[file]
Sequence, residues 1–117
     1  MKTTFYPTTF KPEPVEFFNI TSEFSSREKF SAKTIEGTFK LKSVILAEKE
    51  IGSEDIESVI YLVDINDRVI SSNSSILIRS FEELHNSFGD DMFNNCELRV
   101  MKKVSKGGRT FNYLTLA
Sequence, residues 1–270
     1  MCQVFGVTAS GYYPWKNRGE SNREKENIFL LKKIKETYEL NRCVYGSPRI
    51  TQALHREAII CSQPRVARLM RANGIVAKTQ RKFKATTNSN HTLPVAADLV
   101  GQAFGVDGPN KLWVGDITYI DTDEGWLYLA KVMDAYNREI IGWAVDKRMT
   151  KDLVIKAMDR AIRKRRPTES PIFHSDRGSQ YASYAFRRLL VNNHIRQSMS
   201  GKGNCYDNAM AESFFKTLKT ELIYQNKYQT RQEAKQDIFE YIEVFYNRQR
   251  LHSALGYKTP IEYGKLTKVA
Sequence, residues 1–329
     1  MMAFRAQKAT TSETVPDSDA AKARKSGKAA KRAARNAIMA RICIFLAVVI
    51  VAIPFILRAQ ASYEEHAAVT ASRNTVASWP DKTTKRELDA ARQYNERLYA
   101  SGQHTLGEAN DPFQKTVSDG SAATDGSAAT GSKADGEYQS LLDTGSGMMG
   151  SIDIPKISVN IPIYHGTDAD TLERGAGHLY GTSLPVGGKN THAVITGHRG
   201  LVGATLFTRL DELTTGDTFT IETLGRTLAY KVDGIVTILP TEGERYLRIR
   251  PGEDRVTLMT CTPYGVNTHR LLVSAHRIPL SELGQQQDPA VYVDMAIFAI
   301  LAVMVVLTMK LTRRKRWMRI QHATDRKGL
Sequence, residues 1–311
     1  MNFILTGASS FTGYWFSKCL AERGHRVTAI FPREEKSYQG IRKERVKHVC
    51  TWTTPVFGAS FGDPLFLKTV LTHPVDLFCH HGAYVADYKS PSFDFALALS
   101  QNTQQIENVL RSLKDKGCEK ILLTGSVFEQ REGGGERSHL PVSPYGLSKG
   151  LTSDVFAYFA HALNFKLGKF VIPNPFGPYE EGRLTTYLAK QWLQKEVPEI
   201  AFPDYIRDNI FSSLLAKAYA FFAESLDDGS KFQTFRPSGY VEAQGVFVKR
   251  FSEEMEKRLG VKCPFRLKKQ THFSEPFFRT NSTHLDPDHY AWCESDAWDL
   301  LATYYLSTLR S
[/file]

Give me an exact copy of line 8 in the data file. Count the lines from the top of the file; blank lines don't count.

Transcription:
   101  GQAFGVDGPN KLWVGDITYI DTDEGWLYLA KVMDAYNREI IGWAVDKRMT